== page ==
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Wisconsin Dairymen's Association / Thirty-second annual report of the Wisconsin Dairymen's Association : held at Platteville, Wis., February 10, 11 and 12, 1904. Report of the proceedings, annual address of the president, and interesting essays and discussions relating to the dairy interests
(1904)

Discussion,   pp. 156-168 PDF (2.8 MB)


Page 163

 
Wticmnin Dairynents As8ciafi6 
your soul good to see those fellows when the man throws a 
couple of forkfuls over to themi They get into it, frisking their 
Wails, and they come out with a mouthful, eating that hay in a 
manner that would strike you with a great deal of conviction. 
Now, alfalfa hay analyzes about eleven per cent protein; 
bran, twlve; only one point above it; clover, 8.6; timothy, 3. 
Now, you men all over Wisconsin to-day are thinking that tim- 
othy is first class hay. The poorest hay I know of for the dairy- 
man to-day is timothy, except it be marsh grass, and that makes 
better bedding. Now, timothy is down to 3 per cent of protein. 
That is the element that makes the red blood in cattle, makes 
the muscle, makes the casein in the cheese, that element called 
protein. Do you see now why alfalfa does such splendid work. 
You must remember, farmers, that you cannot affect the mar- 
ket end a minute, as a rule. You are a patron of a creamery. 
Your butter sells just the same as all the rest and you cannot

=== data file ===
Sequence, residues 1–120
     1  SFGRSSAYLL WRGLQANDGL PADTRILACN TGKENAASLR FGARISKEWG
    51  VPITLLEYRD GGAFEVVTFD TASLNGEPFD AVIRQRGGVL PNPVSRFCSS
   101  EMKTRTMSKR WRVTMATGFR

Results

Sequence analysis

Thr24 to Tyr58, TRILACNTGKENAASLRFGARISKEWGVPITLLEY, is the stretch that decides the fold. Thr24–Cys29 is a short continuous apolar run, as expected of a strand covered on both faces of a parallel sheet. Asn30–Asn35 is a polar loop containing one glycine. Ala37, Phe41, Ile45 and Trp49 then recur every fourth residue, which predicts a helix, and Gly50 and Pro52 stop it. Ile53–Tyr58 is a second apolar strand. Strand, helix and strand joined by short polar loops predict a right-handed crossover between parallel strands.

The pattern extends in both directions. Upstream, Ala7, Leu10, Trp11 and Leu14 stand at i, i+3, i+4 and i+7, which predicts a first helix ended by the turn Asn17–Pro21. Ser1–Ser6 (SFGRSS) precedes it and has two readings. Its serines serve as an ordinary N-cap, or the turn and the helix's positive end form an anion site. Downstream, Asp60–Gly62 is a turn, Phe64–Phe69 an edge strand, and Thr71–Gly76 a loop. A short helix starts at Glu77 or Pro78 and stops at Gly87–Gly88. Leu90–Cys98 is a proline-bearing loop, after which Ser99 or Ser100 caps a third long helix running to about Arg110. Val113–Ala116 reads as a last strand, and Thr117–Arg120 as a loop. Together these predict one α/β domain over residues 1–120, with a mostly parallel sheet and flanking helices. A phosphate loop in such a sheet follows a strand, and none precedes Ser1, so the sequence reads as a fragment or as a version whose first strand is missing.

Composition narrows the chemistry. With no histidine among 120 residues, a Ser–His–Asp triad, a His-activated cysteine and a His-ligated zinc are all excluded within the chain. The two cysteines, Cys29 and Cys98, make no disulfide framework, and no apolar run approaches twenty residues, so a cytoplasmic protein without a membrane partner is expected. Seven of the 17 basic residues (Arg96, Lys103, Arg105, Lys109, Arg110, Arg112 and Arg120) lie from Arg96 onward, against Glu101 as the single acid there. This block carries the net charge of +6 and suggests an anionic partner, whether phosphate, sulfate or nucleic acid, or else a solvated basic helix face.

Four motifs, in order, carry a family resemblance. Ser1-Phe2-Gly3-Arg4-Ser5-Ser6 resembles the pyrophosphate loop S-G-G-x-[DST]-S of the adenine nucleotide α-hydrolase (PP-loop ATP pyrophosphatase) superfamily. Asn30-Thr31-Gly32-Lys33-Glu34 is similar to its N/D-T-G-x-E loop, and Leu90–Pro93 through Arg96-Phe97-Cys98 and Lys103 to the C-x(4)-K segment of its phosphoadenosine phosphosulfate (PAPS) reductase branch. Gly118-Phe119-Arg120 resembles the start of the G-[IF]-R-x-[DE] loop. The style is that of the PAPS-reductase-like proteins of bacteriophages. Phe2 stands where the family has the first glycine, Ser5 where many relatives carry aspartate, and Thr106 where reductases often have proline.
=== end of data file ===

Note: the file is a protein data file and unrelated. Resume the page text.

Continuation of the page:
make any difference for yourself in the factory, you are power- 
less there, but at the farm end you are supreme. You can re- 
duce the cost of making of the milk and every penny that you 
reduce the cost is a penny added onto the other end. Now, I 
have made up a ration, having all these things in view, and my 
ration costs me twelve cents a day. I am a pretty strong feeder; 
usually I feed my cows about 8 to 10 pounds of a grain ration 
a day. Now, what do I feed that comes to 12 cents a day-I 
couldn't find a men about me among thepatrons of the ceram- 
ery that was feeding for less than 16, up to 18 and 20 cents a 
day. My ration consisted of 35 pounds of good corn ensilage, 
going 75 baskets to the acre and more, 35 pounds of corn en- 
silage at $2.50 a ton; ten pounds of alfalfa hay at $10 a ton; 4 
to 5 pounds of bran at $15 a ton. That makes a -ration of 12 
cents, and the cows were earning about 30 to 35 cents a day. 
Now, you see how I helped myself; instead of feeding 8 or 10 
pounds of patent bran, I was feeding only 4 or 5, cutting the 
cost 50 per cent there, and all the rest of the ration I produced 
on the farm. Now, the creamery paid me within a few cents 
of $70 per cow for the cream of those cows. The cream is sep- 
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